The first week of the Climate Change summit in Bonn (COP 23 for those in the know) has been marked by Syria’s decision to sign the Paris Accord, the international agreement that aims at tackling climate change. This decision means that the United States would become the only country outside the agreement if it were to complete the withdrawal process vowed by President Trump.
In this context, it has become a tradition for this blog to use the United Nations climate talks as an excuse to remind us all of some basic facts about climate change and its effect on the part we are most interested in here: the cryosphere! This year we have decided to showcase a few compelling animations, as we say “a picture is sometimes worth a thousand words”…
Arctic sea ice volumeThe volume of Arctic sea ice has declined over the last 4 decades and reached a record low in September 2012. Shrinking sea ice has major consequences on the climate system: by decreasing the albedo of the Arctic surface, by affecting the global ocean circulation, etc.
More information about Arctic sea ice:
- PIOMAS Arctic Sea Ice Volume Reanalysis | Polar science center
- Arctic Sea Ice Minimum | NASA: Climate Change and Global Warming
- Image of the Week – The ups and downs of sea ice! | EGU Cryoblog
Land ice losses in Antarctica and Greenland
Change in land ice mass since 2002 (Right: Greenland, Left: Antarctica). Data is measured by NASA’s Gravity Recovery and Climate Experiment (GRACE) satellites. [Credit: Zack Labe]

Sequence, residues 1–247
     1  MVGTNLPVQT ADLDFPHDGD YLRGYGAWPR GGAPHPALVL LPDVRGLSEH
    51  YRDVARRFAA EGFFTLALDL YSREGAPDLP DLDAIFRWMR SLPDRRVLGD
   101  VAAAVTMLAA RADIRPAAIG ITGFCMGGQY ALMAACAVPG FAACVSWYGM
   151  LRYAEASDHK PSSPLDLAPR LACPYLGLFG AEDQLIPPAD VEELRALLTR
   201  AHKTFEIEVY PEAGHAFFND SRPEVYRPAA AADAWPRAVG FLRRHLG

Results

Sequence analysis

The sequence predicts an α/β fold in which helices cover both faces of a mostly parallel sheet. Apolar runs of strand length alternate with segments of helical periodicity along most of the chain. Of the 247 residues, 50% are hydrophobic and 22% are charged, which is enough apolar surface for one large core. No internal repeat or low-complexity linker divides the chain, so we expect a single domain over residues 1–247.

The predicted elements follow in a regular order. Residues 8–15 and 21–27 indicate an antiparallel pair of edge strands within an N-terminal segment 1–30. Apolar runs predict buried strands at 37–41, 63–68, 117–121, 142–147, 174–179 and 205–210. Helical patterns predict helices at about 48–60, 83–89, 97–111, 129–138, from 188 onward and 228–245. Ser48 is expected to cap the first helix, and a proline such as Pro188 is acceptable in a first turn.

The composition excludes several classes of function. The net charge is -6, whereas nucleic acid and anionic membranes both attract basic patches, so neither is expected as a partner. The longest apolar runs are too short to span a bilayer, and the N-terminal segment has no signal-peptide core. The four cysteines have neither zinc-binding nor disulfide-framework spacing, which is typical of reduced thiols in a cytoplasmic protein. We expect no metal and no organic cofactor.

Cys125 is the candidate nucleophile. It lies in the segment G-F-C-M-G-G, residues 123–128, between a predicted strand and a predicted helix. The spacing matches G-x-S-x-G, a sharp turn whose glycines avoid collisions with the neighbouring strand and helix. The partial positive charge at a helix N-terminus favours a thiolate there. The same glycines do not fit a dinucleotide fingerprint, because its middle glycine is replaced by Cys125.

Both the Antarctic and Greenland ice sheets have been losing ice since 2002, contributing to global sea-level rise (see previous post about sea level) . An ice loss of 100 Gt raises the sea level by ~0.28 mm (see explanations here).
More information about ice loss from the ice sheets:
- Land Ice | NASA: Climate Change and Global Warming
- Image of the Week — Ice Sheets and Sea Level Rise | EGU Cryoblog
The cause: CO2 emissions and global warming
Finally we could not close this post without showing how the concentration of carbon dioxide have evolved over the same period and how this has led to global warming.
CO₂ concentration and global mean temperature 1958 – present. [Credit:Kevin Pluck]
More information about CO2 and temperature change
- Global Temperature | NASA: Climate Change and Global Warming
- Carbon dioxide | NASA: Climate Change and Global Warming
More visualisation resources
Visualisation resources | Climate lab
Edited by Clara Burgard